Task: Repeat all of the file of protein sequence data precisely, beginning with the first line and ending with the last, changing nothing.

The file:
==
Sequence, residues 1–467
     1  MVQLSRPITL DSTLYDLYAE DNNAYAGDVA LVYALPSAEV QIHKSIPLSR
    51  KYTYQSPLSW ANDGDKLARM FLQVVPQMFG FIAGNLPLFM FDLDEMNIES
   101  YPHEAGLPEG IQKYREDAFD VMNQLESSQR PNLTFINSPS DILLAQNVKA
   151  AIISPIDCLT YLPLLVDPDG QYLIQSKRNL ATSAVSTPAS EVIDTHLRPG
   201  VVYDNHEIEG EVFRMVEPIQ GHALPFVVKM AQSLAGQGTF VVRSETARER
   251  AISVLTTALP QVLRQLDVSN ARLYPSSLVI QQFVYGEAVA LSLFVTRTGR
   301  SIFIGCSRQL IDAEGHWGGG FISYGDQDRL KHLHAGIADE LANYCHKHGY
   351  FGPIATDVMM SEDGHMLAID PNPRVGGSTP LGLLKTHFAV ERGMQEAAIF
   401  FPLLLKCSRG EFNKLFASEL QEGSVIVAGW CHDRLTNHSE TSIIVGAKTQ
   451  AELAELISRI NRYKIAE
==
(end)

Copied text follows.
Sequence, residues 1–467
     1  MVQLSRPITL DSTLYDLYAE DNNAYAGDVA LVYALPSAEV QIHKSIPLSR
    51  KYTYQSPLSW ANDGDKLARM FLQVVPQMFG FIAGNLPLFM FDLDEMNIES
   101  YPHEAGLPEG IQKYREDAFD VMNQLESSQR PNLTFINSPS DILLAQNVKA
   151  AIISPIDCLT YLPLLVDPDG QYLIQSKRNL ATSAVSTPAS EVIDTHLRPG
   201  VVYDNHEIEG EVFRMVEPIQ GHALPFVVKM AQSLAGQGTF VVRSETARER
   251  AISVLTTALP QVLRQLDVSN ARLYPSSLVI QQFVYGEAVA LSLFVTRTGR
   301  SIFIGCSRQL IDAEGHWGGG FISYGDQDRL KHLHAGIADE LANYCHKHGY
   351  FGPIATDVMM SEDGHMLAID PNPRVGGSTP LGLLKTHFAV ERGMQEAAIF
   401  FPLLLKCSRG EFNKLFASEL QEGSVIVAGW CHDRLTNHSE TSIIVGAKTQ
   451  AELAELISRI NRYKIAE